Maya Angelou


Also found in: Dictionary, Wikipedia.

Angelou, Maya

(mī`ə ăn`jəlo͞o), 1928–2014, African-American writer and performer, b. St. Louis, Mo., as Marguerite Johnson. She toured Europe and Africa in the musical Porgy and Bess (1954–55), then sang in New York City nightclubs, joined the Harlem Writers Guild, and took part in several off-Broadway productions, including Genet's The Blacks and her own Cabaret for Freedom (1960). During the 1960s she was active in the African-American political movement; she subsequently moved to Cairo where she edited The Arab Observer and then spent several years in Ghana as editor of the African Review. During the 1970s she appeared on Broadway, in several feature films, and in the TV miniseries Roots. Although she wrote poems, plays, and short stories, all in a lush and lyrical style that was both lauded and criticized, she is best known for her six autobiographical volumes (1970–2002), the first and most popular of which, I Know Why the Caged Bird Sings, which tells of her childhood in the segregated South. Her several volumes of poetry include And I Still Rise (1978). Angelou read her poem "On the Pulse of Morning" at the inauguration of President Clinton in 1993. President Obama awarded her the Presidential Medal of Freedom in 2011.

Angelou, Maya (b. Marguerite Angelou Johnson)

(1928–  ) writer, poet, performer; born in St. Louis, Mo. An activist on behalf of African-American concerns, she settled in California after extensive travel. She had worked as a performer, actress, and teacher. She is known for her poetry and her autobiographical novel, I Know Why the Caged Bird Sings (1970).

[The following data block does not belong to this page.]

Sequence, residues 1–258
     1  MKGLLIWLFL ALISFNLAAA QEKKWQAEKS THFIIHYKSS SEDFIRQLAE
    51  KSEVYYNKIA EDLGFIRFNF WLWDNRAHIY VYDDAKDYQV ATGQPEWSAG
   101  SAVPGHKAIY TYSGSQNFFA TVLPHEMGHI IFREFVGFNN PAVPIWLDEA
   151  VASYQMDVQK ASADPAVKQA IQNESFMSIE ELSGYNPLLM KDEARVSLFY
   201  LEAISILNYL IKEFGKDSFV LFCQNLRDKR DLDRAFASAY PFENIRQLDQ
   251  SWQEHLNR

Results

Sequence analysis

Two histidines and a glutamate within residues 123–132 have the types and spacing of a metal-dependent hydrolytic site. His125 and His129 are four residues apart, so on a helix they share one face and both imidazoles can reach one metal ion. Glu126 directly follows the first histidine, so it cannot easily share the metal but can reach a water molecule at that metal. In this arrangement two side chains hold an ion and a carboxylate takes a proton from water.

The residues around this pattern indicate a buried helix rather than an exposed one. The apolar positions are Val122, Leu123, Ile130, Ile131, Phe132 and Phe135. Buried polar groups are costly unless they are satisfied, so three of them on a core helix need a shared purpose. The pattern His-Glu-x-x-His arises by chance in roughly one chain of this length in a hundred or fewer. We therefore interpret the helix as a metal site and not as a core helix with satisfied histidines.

References in periodicals archive ?
Maya Angelou was and still is a major part of our culture and lives.
Maya Angelou's message applies to all of us, no matter our background or experiences.
Angelou's poetry collections include "The Complete Collected Poems of Maya Angelou" (1994) and "Phenomenal Woman" (1995), which is a collection of four poems and takes its title from a poem that originally appeared in Cosmopolitan magazine in 1978.
Because Maya Angelou looms so very large, and because the myths of her life are her own creations, such a biography, necessarily years in the making, is warranted.
"Maya Angelou's name and poetry are synonymous with Civil Rights and elevating oneself and one's surrounding community," HMC Artistic Director Dustin Cates said.
Lupton presents readers with the second edition of her portrait of the life and works of esteemed American author Maya Angelou. The author has organized the main body of her text in nine chapters devoted to general information on the life and works of Angelou, autobiography as a genre, </I Know Why the Caged Bird Sings/>, </Gather Together in My Name/>, < /SinginAE SwinginAE and GettingAE Merry Like Christmas/>, < The Heart of a Woman/>, and other of the authorAEs main works.
Cleveland's Dianne McIntyre has made a large group work based on the poems of Maya Angelou. Her cast features three former Ailey stars, now living in St.
Martin Luther King, Jr., Maya Angelou, and Rosa Parks.
Postal Service issued a new limited edition ''Forever'' stamp Tuesday, honoring the late poet, author and civil rights champion Maya Angelou, but it carries a quote that apparently originated elsewhere.
MAYA Angelou, the late, great black American author and civil rights activist, was once described by President Barack Obama as "a brilliant writer, a erce friend and a truly phenomenal woman."
NEW YORK (AP) -- Maya Angelou's iconic words and lyrics will blend with hip-hop beats for a new album called "Caged Bird Songs."
Two of mine have passed very recently - actresses and activists Ruby Dee and Maya Angelou.